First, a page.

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We might be faced with this situation sooner than we think: on Thursday Belgian Prime Minister Leterme handed in his resignation to the Belgian King due to his five-party coalition government being about to collapse with the Flemish Liberals and Democrats pulling out over the “BHV” affair with less than three months left before Belgium takes over the reigns of the EU Presidency on the 1st July.
Moral-political question: should they be allowed to run the EU Presidency? I have heard all three answers in the last 24 hours:
- Yes, of course, because with the new institutionalised troika system, Belgium will be supported by Spain and Hungary and/or in any case the country holding the Presidency is simply following the Union’s priorities so their input is minimal. Also, Belgium is known to work particularly well when there is no government in place and, hence, they will probably even do a better job with a “Caretaker government”!
- No, because how can Belgium lead from the front, find compromise solutions, broker deals and demonstrate leadership – fair point!
- Don’t know: is the majority view because most citizens are clueless about what the EU Presidency is, let alone what it is supposed to do – a sad state of affairs.
Then I heard someone comment on the radio – no fear Herman Van Rompuy – a Belgian – will come to the rescue as the President of the European Union!
The reality is that Belgium will most probably muddle through with the support of the Spanish and the Hungarians and with a structure and system which seems to just keep rolling, despite institutional upheavals such as the “NON” to the EU Constitution or the Irish No to the Lisbon Treaty.
But do we simply want to push through and hope that the institutional snowball takes us forward? Clearly not and, hence, this latest possible scenario demonstrates that Europe still has a long way to go and needs to mature…
Blaming it on the Belgians though would be unfair as other Member States like the Czech Republic have been in the hot seat without a Government.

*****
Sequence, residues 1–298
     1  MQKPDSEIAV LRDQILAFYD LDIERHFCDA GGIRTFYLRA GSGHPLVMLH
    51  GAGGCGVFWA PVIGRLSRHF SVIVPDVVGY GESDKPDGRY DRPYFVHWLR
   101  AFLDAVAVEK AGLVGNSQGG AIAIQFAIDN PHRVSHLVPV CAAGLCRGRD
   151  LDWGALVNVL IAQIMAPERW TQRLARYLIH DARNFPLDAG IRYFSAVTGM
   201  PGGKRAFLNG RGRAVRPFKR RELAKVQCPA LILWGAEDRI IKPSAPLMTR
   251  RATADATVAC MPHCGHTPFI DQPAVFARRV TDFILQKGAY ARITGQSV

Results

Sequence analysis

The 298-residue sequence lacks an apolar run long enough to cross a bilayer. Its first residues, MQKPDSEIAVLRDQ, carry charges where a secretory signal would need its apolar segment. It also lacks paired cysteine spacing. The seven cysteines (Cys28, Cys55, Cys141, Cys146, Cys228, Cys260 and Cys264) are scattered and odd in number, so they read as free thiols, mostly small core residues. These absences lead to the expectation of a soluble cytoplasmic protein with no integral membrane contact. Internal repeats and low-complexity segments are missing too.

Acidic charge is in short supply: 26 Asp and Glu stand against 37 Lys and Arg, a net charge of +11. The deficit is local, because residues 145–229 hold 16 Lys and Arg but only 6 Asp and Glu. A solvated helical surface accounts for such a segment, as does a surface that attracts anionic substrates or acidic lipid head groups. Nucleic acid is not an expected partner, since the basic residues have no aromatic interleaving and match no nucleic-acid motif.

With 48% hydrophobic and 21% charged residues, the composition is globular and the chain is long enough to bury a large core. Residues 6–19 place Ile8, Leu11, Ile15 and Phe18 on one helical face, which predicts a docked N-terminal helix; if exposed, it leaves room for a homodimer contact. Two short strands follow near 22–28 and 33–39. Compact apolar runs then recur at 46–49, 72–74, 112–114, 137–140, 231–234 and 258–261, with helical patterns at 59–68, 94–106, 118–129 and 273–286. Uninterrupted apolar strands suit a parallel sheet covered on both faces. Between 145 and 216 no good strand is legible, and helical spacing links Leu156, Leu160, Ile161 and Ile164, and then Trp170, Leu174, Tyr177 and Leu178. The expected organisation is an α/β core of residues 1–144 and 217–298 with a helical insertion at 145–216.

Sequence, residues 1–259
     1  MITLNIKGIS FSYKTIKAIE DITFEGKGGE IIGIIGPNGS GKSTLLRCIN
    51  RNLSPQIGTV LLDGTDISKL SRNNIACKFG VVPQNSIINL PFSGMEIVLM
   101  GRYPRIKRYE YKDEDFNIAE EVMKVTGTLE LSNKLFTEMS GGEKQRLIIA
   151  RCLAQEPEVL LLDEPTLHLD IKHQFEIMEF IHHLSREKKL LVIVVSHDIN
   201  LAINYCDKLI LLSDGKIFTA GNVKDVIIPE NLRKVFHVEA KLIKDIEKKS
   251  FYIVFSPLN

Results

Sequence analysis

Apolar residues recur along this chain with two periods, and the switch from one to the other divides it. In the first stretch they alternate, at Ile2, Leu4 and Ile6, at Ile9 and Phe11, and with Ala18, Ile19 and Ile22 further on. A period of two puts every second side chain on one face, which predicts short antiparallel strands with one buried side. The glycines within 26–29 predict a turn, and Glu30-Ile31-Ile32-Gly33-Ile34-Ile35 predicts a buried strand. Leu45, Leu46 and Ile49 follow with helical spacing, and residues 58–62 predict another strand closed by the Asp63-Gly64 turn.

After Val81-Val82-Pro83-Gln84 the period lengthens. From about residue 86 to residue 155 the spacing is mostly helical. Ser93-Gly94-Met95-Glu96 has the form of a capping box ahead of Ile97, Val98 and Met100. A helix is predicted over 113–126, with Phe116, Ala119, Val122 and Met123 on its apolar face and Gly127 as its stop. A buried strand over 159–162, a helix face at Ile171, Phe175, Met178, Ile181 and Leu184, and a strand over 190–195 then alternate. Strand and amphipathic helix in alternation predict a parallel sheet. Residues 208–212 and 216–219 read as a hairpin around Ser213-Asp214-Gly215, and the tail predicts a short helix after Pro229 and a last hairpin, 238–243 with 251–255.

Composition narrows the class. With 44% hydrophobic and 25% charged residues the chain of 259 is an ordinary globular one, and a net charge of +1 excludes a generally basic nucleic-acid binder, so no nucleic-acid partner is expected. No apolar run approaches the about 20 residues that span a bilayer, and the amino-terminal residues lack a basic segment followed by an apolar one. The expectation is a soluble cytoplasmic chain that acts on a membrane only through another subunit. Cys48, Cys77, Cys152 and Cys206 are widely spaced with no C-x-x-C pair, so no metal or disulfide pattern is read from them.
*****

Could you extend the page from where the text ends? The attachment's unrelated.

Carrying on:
– Russell Patten
You could almost bet on it… Following the German Constitutional Court issuing a landmark ruling in response to the Maastricht Treaty in 1993, today’s ruling on the Lisbon Treaty again testifies to the central role Karlsruhe – the seat of the Court – plays in EU matters when asked.
Whilst most attention was focusing on the second Irish referendum, Europe seemed to lose sight of the case that had been pending before the German Constitutional Court for many months. Indeed, it was often mistakenly reported that Germany had already ratified the Lisbon Treaty, but since the challenge against the German law transposing the Lisbon Treaty had been brought forward by a group of MPs and lawyers, President Köhler had announced his intention not to sign anything before Karlsruhe’s verdict on the matter.
Now what is this ruling all about? First, Köhler’s signature will have to be further postponed, effectively meaning that the ratification process in Germany is temporarily suspended. This is because laws that strengthen the participatory powers of the German legislature will have to come into force first.
The complainants have praised this judgement as a great success in their fight against the apparent erosion of the influence of the democratically elected German legislature on decisions made in Brussels. Now, it rests on this very legislature to pass the relevant legislation very rapidly if the Treaty is to be ratified in early 2010 at the latest. Just imagine what effect a delay would have on the second referendum in Ireland and the decisions in Poland and the Czech Republic!
Today, the Senate of the Czech Republic approved the ratification of the Lisbon Treaty, de facto making President Vaclav Klaus the last line of defence against the Czech ratification of the Lisbon Treaty.
In an official TV statement, Vaclav Klaus immediately railed at those senators who “betray national interests” and made it clear that the ratification process was far from over. Klaus however did not say he would not sign. But it seems likely that he will wait until the very last moment – when he knows what the other pieces in the game (the Irish and the Polish) are doing.
As the controversial political figure likes to repeat “a good chess player never reveals his next move”